“It is easier for a camel to go through the eye of a needle, than for a rich man to enter into the kingdom of God.” (Matthew 19:24)
The following passage is taken from Hebrew New Testament Studies http://www.biblicalhebrew.com/nt/camelneedle.htm: Jesus reflects on how hard it often is for the rich to enter the kingdom of God. The riches are a distraction and hard to share if one is too attached to them. The disciples’ incredulity is that if even the rich cannot be saved, who can? But the verdict is that even the rich, not only the rich, will find it impossible to save themselves – but with God all things are possible.
“The modern conservative is engaged in one of man’s oldest exercises in moral philosophy; that is, the search for a superior moral justification for selfishness.” –John Kenneth Galbraith
Ah, isn’t the lure of aspiring to be rich, in western judo-christian religious teachings, at the crux of our belief system – that the poor and working class need to suffer the indignities of poverty and oppression by the wealthy, indeed often die downtrodden, to reap their heavenly reward (as in the heaven lay-a-way plan). The poor were sermonized to; told that their tears and toil would fulfill Jesus’ eye of needle parable, in order that their unrest could be squashed protecting the ruling wealthy class from being derided. The wealthy sat in their righteous church boxes and upon hearing the same Biblical warning passage was soothed with platitudes along the lines of with God all things were possible and that God gave blessings to those that deserved great wealth. Jesus became the cheerleader of acquiring obscene wealth, wealth acquired on the backs of foreign tribes, cultures/imperialism, and the domesticated poor, to be squandered, to be elevated, to be sacrificed for the higher power/greater good … and in so hoarding wealth and maliciously spreading lies/truths that hard work and deprivations, led to wealth and membership among the noble upper class. God graces those who hold gold!
This same premise holds forth today, i.e. tax cuts for the wealthy (as if a multimillionaire or billionaire truly notices tax payouts) the wealthy howl that their cherished gold is being taken away from them, that they must keep their wealth to retain their prestigious worth in God’s eyes. They choose to blaspheme Jesus’ messages to mollify their selfishness, i.e. dismantling worker protections and scapegoating teachers (along with nurses, beauticians and other female workers, the first pink collar class of workers) under the guise of making a profit. Six (to seven) figure bonus payouts don’t equal yearly wages of even the most highly educated and dedicated teachers – nor, for that matter, most hard working private sector professionals. The majority of Americans make between 34-55K yearly, the divide created by those teachers that realize 25K more per year are seen as piranhas, especially since property tax was the instrument for educational funding. How is it that engineers, having attended higher education programs of study for their professional degrees, who make two-thirds more income as a similarly educated teacher, is not vilified?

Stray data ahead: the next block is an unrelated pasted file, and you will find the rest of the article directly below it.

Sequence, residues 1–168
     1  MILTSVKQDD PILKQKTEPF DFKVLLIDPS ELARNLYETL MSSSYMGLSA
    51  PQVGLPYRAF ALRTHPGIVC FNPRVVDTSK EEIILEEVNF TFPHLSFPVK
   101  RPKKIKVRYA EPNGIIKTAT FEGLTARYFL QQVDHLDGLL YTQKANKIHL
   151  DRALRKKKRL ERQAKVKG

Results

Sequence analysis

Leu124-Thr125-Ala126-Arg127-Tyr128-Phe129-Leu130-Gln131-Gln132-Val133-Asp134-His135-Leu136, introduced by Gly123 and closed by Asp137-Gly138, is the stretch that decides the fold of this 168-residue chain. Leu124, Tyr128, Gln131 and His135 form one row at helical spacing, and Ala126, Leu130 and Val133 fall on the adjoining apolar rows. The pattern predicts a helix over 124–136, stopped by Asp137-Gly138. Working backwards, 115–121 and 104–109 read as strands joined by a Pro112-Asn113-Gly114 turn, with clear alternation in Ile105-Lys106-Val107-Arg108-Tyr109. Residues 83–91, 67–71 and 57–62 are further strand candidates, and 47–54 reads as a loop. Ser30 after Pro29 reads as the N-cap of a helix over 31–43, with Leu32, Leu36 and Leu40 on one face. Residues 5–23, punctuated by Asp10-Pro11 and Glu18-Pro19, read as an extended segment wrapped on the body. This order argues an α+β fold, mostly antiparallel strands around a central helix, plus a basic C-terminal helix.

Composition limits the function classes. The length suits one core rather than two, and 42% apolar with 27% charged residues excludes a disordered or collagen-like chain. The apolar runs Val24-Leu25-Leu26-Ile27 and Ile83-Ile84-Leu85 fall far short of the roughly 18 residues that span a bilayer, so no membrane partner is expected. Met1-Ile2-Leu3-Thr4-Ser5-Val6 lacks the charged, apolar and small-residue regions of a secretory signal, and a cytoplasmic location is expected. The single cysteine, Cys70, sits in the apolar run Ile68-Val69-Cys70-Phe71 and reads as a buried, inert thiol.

Stockholder define worth by profit returns, in education with its top heavy administrative layer, the product is its yearly crop of spring graduates which takes approximately thirteen years to produce. Dropouts are those products that fail to make it through quality control (credit policies and state assessments) and roughly equal less than 2% in suburban districts and greater than 6% in urban centers. If these figures were correlated against industrial models the lost product percentages would be looked at as extremely low and factored into typical running costs. Banking loss models factor in higher loss damages which are passed on to the public – why aren’t bankers vilified? Simply because the wealthy won’t allow themselves to be vilified – since they are the lions of industry they choose the segment of population to ostracize, to cull out, to offer as scapegoats to the working masses to tear to pieces. While in their frenzy (think Christians vs. lions) workers forget that they too will be segmented and offered to distract the masses (think French Revolution terrors).
So where am I going with this essay? Wealth vs. working class, unions vs. nonunion workers, public vs. private sector, haves and have-nots, heavily taxed vs. little to no taxation at all … class divide … scapegoating … corporation as citizen, union busting …redefining rape and women services … are all heavy on my mind. I am usually an optimist but I find it extremely hard not to get sucked into CNN’s scrawl of bad news, whether out of Libya, Wall Street or Providence, Rhode Island. I hate it when my fellow citizens choose to blindly follow manufactured divisive tactics and like lemmings throw themselves to the wolves (I chose to combine two concepts just to see if my readers were on their toes). I know we are mere mortals and capable of committing horrible actions against those who we perceive as our enemies – but, fellow workers, the enemy is not ourselves!